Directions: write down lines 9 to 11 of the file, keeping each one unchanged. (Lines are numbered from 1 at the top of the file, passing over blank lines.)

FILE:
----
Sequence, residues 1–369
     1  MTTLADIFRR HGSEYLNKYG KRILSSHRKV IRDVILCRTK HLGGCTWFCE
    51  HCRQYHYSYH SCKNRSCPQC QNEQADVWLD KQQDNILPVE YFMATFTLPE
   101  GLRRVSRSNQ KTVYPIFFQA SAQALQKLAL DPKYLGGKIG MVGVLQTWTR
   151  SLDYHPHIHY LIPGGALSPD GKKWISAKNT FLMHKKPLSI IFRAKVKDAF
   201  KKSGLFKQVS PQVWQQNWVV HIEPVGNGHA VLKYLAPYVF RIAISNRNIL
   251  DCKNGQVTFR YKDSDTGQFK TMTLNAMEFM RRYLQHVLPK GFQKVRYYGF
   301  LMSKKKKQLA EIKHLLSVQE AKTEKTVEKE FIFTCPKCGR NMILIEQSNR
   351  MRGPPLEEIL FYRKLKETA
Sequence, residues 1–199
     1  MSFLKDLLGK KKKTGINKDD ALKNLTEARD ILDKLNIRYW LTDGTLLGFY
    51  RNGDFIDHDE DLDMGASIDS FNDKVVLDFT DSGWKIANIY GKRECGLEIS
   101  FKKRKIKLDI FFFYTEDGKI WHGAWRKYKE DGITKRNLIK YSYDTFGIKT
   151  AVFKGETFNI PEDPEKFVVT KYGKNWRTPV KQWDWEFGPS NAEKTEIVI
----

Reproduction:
   351  MRGPPLEEIL FYRKLKETA
Sequence, residues 1–199
     1  MSFLKDLLGK KKKTGINKDD ALKNLTEARD ILDKLNIRYW LTDGTLLGFY